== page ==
Bhopal gas tragedy: The forgotten hero who saved countless lives

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source: bbc

The Bhopal gas tragedy in 1984 is the most disastrous incident in the history of India that still haunts many; the devastating moment that affected more than 6 lakh people simply cannot be forgotten. The calamitous incident killed more than 3,787 people as a whole. On that day, the Bhopal air carried the deadly gas leaking from the Union Carbide factory to the rest of the city, killing people – both awake and asleep. However, this tragedy has an unsung hero, a station master who endangered his life to protect others.

An unsung hero

December 3, 1984, poisonous gas that flowed from the factory of Union Carbide in Madhya Pradesh capital Bhopal killed thousands of people immediately. The occurrence is now recognized as the Bhopal disaster or Bhopal gas tragedy. The plant had released almost 30 tons of a highly poisonous gas called methyl isocyanate, turning the city into a cemetery. More than 6,00,000 people were imperiled to the deadly gas cloud that left thousands breathless, blind and in torturous pain.

source: thebetterindia

This incident had an unacknowledged hero, a person with courageous acts and greatness of character. Ghulam Dastagiri, a stationmaster without whom the casualties would have been much higher.

The 32-year-old, in his regular night duty, stepped on to the platform and noticed something troubling. Dastagiri felt his eyes on fire and a queer itching sensation in his throat. He was completely unaware of the fact of the gas leakage that was surrounding the railway station regularly.

source: bbc

Few of his staff were already dead, Dastagiri was unaware of the fact and was fully confused about the situation. He knew something was wrong when he did not get any response from the station office. He informed the senior staff at nearby stations, to halt all train traffic to Bhopal.

Gorakhpur-Kanpur Express

Above all, he had a very critical situation to handle which was a train standing in the platform waiting for its departure time. Gorakhpur-Kanpur Express included more than 1000 passengers on board and the train was not going anywhere before 20 minutes. The toxic gas had already covered the station and Bhopal passengers felt the fumes.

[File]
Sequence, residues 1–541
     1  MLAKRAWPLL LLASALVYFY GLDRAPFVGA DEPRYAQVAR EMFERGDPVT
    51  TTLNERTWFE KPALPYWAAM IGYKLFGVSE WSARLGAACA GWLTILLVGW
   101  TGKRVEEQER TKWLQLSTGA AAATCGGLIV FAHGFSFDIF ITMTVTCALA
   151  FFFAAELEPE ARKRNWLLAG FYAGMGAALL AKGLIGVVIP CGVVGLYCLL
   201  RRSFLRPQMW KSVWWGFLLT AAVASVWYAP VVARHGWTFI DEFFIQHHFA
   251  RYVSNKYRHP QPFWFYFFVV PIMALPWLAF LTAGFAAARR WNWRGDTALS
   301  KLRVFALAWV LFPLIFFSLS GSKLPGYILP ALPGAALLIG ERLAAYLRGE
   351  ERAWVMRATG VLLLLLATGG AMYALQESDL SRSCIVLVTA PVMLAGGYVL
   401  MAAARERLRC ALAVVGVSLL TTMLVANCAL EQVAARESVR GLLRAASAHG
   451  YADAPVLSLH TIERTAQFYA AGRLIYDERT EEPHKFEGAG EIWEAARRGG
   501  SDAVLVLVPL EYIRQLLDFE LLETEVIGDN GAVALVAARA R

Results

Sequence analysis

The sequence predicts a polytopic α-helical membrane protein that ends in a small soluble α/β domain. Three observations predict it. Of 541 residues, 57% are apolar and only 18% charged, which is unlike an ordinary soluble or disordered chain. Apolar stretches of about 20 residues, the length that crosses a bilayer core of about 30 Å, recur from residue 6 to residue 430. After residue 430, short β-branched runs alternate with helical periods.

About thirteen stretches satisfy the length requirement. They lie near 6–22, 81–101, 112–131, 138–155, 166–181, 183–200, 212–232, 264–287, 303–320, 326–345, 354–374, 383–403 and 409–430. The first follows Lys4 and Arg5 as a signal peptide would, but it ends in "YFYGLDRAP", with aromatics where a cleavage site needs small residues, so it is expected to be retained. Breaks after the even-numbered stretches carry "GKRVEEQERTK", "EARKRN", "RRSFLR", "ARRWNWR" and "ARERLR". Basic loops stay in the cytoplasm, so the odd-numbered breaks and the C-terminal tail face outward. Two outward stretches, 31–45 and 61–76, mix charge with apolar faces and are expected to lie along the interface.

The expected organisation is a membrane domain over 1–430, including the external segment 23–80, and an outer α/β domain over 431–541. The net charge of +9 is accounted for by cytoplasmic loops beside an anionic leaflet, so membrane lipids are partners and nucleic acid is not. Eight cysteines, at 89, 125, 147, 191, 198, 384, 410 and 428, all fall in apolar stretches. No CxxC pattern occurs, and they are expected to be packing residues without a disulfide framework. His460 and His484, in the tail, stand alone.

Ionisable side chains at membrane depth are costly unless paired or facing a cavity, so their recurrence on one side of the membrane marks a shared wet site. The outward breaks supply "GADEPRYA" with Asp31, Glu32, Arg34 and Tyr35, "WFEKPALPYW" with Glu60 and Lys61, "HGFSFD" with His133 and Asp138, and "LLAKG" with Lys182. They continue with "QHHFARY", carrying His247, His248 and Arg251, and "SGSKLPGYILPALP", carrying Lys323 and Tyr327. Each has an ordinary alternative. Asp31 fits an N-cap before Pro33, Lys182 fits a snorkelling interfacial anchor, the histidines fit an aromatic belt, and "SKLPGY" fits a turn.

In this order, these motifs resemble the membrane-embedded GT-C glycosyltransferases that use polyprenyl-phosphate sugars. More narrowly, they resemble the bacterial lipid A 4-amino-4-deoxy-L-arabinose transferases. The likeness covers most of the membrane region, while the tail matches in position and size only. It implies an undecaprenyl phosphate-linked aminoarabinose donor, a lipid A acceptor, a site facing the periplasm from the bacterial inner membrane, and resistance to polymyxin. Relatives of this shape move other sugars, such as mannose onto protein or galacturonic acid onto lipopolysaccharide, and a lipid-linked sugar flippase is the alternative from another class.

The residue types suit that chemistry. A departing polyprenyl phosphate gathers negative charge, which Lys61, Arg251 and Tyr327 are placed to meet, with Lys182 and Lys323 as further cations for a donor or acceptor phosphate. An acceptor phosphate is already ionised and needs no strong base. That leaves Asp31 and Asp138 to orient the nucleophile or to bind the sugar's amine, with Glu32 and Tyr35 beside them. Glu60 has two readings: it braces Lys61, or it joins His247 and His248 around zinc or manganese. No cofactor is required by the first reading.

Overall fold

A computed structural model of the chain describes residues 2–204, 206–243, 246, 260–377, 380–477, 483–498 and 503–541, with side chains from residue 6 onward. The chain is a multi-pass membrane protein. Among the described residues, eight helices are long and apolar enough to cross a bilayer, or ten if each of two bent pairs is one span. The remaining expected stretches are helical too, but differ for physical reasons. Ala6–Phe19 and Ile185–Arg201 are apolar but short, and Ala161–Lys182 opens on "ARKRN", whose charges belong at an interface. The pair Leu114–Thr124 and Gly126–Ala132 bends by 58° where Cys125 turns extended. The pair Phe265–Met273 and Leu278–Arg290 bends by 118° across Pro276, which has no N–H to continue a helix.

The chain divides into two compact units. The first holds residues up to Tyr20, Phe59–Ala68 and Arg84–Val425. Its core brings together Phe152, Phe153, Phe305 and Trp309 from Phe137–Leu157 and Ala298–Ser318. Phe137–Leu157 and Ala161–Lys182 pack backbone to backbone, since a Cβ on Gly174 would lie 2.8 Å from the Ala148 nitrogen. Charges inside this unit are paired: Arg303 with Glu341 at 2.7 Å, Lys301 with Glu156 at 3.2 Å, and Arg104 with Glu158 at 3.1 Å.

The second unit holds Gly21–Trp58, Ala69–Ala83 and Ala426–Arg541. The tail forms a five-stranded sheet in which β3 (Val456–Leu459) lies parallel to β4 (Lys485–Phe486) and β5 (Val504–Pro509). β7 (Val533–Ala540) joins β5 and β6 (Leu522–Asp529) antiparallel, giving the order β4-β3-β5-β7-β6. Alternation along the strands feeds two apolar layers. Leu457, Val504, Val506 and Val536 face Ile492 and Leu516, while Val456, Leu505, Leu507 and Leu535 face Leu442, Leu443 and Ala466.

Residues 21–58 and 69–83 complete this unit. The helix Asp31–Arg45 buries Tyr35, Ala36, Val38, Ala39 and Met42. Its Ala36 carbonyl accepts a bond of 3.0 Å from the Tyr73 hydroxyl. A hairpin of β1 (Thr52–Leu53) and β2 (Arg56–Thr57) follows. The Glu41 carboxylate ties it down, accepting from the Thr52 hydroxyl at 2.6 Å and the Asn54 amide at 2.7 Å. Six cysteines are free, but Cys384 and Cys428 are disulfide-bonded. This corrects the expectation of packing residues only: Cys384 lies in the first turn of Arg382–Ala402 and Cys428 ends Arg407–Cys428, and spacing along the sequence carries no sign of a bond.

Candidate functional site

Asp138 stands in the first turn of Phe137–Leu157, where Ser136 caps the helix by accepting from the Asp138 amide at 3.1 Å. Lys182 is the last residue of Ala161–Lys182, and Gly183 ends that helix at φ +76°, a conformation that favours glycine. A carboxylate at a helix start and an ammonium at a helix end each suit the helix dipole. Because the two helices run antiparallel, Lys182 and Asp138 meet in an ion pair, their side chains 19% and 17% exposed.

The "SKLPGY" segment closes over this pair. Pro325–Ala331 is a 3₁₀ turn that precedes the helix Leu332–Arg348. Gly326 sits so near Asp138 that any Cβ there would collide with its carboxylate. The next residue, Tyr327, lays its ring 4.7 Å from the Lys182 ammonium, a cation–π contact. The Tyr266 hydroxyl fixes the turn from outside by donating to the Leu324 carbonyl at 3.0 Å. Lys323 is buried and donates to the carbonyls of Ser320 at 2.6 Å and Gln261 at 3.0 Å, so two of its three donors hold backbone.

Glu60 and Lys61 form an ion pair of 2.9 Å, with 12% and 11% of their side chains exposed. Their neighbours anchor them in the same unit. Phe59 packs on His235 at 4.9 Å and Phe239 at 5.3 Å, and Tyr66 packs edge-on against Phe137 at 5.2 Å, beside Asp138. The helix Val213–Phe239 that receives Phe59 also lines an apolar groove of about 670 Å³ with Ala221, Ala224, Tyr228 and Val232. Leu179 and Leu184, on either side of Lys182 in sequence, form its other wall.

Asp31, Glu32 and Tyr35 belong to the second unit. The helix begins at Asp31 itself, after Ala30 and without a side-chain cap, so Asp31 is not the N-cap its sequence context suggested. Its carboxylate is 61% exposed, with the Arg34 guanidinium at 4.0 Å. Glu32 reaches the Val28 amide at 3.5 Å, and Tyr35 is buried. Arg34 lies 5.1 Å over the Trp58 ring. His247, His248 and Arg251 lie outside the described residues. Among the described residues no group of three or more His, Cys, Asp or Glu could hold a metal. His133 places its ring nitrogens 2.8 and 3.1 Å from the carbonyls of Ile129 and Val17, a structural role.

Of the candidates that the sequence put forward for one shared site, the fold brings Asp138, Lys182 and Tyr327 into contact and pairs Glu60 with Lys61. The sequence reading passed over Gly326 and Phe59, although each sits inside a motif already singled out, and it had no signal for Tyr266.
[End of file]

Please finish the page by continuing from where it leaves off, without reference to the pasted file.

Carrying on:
source: thebetterindia

Dastagiri asked his staff to clear the lines for the Gorakhpur express as he was willing to take full responsibilities for early departure. He needed to guarantee that the train left quickly, without any delay.

Breaking all the rules and without taking permission from the head office, he and his courageous staff personally signaled off the train. His prompt decision saved the lives of hundreds of people who would have died because of the toxic gas in the area.

An emergency room in the station 

But the work was not done yet, there were thousands of people in the station who were gasping, vomiting, and most were mourning. He sent a distress signal to all the nearby railway offices, asking for urgent medical help.

After a while, four ambulances arrived at the station with paramedics, followed by railway doctors. The station was now an emergency room of a large hospital.

source: thebetterindia

The burning and itching Dastagir’s health became worse, but he disregarded it. He also had no time to think of his own family (his wife and four sons) who were living in the old city which was rigorously affected by the gas. Though, the accident didn’t leave him unaffected. One of his sons died on the night of the disaster and another received a lifelong skin disease.

source: thehindu

“I knew he always is like that. Once there was an accident and he didn’t come home for three days,” says Fehmida, his wife.

A forgotten real-life hero

The unfortunate incident had also effected Dastagir, he was a victim of a lung disease caused by toxic gas which made him commuting in and out of hospitals for 19 years. He received a painful growth in the throat due to increased exposure to toxic fumes.

Remembering the people who sacrificed their lives in the line of duty, the station authority has built a memorial on platform no.1 to pay tribute.

source: thebhopalpost

Ghulam Dastagir died in 2003, his wife says his efforts were not recognized by the railways as they did not reward him for his spirit of duty and dedication to helping suffering victims.

A forgotten real-life hero who saved countless lives, Dastagir’s story deserves to be appreciated and recognized by every citizen in the country.

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